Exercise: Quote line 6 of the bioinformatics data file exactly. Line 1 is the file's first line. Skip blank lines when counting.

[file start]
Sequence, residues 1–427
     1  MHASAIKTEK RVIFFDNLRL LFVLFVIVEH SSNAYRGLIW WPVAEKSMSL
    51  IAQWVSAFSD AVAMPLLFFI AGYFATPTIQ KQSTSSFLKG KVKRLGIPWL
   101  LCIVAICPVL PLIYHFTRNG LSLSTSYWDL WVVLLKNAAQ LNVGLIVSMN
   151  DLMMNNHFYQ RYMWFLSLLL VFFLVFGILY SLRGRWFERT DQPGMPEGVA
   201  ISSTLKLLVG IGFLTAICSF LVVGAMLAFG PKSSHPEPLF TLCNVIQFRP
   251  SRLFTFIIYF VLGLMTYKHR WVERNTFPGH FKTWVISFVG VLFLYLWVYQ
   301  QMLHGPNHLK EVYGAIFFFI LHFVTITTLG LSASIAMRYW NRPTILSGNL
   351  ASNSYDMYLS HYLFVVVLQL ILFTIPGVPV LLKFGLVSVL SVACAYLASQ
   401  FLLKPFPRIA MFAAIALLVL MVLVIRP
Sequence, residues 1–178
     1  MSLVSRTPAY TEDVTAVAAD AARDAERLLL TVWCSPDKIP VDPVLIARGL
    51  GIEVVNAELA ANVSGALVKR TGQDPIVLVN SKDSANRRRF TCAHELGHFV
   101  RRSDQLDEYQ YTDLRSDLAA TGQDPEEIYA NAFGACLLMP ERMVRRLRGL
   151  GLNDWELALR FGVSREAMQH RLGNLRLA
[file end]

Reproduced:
   201  ISSTLKLLVG IGFLTAICSF LVVGAMLAFG PKSSHPEPLF TLCNVIQFRP